Using the state's private attorney general statute, the "Concerned Citizens of Menlo Park" sued the city and the developer, challenging the project's environmental impact review, which the city approved last year. The individual plaintiffs were not named, although one name emerged July 15 after a tentative settlement was reached. Such lawsuits are perfectly legal, and are designed to give cover to groups of private individuals who fear retribution if they challenge large projects.
Nevertheless, we wholeheartedly agree with Mayor Rich Cline, who said: "It sets a real wicked precedent. If I had my druthers, I would get in the ring" and fight the lawsuit, even though he said he felt compelled to support his colleagues, as well as the developer, and approve the deal.
The reason: Before last week's vote, developer representative Jeff Warmoth told the council his company had agreed to settle the case, scaling back the size of a planned grocery store at the site and paying $38,000 to the plaintiff's attorneys. He urged the council members to agree. Without the city's approval, the project would have faced even more delays while litigation continued.
The man who was finally named two weeks ago as a member of the plaintiffs' group is Tony Alexander of San Jose, the political director of the San Jose-based United Food and Commercial Workers Union, whose members apparently did not want a non-union grocery store at 1300 El Camino, the site of a former Cadillac dealership. In the settlement, Mr. Warmoth's company agreed to reduce the size of any grocery store from 51,000 to 32,000 square feet, and restrict the sale of food items by other tenants and the use of an automated checkout for alcoholic beverages.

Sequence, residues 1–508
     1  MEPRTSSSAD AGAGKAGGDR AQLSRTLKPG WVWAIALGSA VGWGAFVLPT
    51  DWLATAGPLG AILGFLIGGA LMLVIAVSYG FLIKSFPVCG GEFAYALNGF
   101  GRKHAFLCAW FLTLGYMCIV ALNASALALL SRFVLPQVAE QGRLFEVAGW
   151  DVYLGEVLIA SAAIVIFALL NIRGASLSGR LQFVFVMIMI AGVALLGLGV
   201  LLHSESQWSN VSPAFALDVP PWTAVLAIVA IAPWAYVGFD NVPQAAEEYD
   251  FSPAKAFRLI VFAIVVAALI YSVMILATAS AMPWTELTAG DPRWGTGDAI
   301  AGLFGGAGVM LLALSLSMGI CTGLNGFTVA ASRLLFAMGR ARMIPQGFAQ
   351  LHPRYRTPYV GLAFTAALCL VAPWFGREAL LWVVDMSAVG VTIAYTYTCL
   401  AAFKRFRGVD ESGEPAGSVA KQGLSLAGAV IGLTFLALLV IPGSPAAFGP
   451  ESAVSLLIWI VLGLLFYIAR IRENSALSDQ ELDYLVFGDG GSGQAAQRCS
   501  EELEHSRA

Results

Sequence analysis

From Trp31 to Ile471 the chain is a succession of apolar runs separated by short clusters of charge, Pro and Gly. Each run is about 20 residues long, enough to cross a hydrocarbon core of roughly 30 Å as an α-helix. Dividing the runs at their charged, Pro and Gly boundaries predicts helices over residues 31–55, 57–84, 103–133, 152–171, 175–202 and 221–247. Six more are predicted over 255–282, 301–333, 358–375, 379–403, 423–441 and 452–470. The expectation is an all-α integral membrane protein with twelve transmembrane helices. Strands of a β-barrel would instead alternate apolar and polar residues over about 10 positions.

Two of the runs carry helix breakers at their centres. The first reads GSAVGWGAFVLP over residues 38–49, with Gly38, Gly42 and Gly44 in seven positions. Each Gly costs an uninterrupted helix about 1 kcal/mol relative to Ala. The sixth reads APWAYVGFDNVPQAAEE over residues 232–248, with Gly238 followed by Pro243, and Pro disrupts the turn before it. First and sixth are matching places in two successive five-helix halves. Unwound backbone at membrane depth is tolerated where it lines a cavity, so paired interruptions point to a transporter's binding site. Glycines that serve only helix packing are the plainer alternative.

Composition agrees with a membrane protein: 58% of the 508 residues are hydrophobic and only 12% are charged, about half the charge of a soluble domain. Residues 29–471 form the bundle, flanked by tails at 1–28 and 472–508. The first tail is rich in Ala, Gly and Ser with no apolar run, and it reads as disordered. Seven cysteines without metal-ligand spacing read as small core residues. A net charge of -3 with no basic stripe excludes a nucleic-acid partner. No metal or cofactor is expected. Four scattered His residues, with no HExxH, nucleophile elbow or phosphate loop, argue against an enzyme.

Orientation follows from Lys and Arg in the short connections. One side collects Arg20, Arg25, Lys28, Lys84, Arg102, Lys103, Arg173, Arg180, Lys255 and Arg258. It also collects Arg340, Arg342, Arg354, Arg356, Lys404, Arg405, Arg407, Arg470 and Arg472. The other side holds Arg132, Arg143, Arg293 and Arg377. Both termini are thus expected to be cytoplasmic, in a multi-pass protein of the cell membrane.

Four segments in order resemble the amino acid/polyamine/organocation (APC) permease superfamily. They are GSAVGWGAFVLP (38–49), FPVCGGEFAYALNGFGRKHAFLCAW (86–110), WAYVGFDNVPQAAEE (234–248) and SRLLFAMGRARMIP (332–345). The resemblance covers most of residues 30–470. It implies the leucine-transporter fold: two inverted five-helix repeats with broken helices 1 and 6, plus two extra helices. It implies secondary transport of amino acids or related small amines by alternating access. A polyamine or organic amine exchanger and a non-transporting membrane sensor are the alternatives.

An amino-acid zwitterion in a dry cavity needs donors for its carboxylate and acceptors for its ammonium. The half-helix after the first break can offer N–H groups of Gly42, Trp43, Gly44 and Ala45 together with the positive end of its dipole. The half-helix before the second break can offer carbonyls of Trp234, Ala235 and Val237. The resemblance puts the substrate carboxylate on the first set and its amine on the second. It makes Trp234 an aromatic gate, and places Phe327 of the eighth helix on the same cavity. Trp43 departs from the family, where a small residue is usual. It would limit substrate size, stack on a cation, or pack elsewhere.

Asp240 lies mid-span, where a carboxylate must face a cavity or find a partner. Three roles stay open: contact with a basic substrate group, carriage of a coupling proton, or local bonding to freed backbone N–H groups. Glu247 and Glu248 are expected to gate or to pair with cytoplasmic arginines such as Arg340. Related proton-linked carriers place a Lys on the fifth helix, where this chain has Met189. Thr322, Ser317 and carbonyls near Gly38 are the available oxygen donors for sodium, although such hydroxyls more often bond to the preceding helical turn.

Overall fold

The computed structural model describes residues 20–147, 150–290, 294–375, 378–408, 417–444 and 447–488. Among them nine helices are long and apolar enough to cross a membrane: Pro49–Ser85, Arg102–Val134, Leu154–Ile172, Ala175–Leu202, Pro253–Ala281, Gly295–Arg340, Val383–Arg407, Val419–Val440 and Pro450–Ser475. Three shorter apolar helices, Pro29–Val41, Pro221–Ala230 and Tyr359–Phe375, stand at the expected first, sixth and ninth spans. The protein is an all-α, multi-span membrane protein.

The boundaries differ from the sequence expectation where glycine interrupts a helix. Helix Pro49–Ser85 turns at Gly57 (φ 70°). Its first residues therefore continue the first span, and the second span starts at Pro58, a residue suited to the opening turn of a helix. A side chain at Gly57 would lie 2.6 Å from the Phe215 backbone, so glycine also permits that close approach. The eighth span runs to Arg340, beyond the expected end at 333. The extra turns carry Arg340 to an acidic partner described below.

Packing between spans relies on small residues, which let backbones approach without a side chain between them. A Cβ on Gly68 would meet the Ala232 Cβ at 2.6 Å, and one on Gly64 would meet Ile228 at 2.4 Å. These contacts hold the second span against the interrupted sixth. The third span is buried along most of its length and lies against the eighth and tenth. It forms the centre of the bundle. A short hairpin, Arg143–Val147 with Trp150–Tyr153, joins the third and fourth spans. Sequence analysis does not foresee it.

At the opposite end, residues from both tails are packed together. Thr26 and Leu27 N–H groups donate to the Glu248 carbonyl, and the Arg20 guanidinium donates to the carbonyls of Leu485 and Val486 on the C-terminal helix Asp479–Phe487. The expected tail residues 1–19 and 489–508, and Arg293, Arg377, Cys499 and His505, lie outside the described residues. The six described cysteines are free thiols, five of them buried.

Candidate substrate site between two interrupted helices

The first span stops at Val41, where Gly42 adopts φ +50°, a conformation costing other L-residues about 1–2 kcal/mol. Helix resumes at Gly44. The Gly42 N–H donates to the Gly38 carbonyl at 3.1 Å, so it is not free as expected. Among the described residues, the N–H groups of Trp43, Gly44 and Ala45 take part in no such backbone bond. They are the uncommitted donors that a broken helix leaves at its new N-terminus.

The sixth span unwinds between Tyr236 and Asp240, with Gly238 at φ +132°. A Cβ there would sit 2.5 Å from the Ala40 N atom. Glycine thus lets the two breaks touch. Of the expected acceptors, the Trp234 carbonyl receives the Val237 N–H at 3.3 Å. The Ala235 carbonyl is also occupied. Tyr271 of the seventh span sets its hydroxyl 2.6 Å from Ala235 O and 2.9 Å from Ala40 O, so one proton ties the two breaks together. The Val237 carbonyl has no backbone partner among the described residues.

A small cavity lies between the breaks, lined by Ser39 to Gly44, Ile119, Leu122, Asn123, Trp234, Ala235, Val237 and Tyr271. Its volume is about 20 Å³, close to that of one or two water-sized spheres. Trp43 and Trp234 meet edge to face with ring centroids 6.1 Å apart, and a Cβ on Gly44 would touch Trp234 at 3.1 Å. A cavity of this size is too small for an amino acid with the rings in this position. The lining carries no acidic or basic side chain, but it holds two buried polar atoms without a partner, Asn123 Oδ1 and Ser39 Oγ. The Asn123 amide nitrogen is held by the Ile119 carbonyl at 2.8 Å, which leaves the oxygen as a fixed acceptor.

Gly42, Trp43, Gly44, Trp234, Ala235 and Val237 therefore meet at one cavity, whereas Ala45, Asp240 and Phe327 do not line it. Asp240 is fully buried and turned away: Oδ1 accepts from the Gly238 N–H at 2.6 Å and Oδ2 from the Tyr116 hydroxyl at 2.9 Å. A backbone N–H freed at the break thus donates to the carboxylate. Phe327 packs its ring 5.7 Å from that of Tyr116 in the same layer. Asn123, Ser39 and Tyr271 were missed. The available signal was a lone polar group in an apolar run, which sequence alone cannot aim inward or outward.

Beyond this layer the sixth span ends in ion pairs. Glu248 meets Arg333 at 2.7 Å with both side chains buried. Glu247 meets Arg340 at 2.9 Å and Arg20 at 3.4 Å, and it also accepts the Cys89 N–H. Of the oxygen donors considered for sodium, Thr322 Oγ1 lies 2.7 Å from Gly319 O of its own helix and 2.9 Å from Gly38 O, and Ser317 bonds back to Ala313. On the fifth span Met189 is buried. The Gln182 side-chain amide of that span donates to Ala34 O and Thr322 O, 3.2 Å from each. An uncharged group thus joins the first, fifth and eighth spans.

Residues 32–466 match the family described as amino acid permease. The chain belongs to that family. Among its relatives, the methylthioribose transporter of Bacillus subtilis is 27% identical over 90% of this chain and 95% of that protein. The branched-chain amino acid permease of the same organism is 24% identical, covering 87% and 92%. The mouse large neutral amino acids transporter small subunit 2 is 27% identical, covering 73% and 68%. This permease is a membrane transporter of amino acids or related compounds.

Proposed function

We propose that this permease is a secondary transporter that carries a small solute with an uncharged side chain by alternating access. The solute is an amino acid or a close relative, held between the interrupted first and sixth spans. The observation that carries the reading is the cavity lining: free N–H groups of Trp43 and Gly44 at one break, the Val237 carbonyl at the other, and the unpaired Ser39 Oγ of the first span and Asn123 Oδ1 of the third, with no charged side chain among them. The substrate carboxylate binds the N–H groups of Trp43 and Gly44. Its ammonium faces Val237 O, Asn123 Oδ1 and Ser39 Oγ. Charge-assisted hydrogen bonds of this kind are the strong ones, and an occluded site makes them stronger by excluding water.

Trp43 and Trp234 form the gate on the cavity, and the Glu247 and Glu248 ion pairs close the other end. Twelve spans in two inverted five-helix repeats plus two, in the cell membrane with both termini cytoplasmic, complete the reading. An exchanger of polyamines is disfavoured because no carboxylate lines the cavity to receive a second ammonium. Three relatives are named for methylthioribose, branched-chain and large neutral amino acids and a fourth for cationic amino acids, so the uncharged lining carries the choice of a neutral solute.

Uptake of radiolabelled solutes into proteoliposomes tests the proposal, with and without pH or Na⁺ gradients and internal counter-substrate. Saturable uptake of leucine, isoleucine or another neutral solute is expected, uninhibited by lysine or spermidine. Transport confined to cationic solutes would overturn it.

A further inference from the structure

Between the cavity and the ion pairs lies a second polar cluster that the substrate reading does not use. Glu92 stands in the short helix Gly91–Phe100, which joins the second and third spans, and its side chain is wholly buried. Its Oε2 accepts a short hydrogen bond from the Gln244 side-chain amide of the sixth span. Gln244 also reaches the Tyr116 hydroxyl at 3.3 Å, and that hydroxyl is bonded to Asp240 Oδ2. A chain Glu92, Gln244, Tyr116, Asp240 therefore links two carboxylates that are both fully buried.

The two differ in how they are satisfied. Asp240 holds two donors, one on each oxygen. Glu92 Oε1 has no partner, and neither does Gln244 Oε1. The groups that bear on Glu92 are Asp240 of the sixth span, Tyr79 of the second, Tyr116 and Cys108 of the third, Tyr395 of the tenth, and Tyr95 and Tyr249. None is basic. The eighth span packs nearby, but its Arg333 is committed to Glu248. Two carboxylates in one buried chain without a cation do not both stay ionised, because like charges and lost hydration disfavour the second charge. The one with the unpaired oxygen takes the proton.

Beyond whether these changes will be beneficial for the citizens of Menlo Park, the council and other city officials should be concerned about special interest groups using this statute to change the design of other projects after final city review. In our opinion, there was no reason for the Concerned Citizens of Menlo Park to operate in secret. Mr. Alexander and the others did not need anonymity. They should have testified before the Planning Commission and City Council like everyone else, and if they were not satisfied, challenged the EIR in a public court case.
What if a similar — after-approval — challenge was filed against the hotly contested environmental review of the Menlo Gateway project, before it was decided to give voters the final say, or the sure-to-be-controversial decision that could rezone much of El Camino Real and the downtown area?
In this case, the developer apparently was willing, though not happily, to accept demands from the anonymous challengers that could seriously damage the viability of the project, which had the full approval of the City Council and Planning Commission. Litigators may look on these tactics as perfectly acceptable, but we see what could be a dangerous precedent that gives special interest groups a way to make an end run around a city's regulatory processes.
As Mr. Cline said, "It sets a real wicked precedent."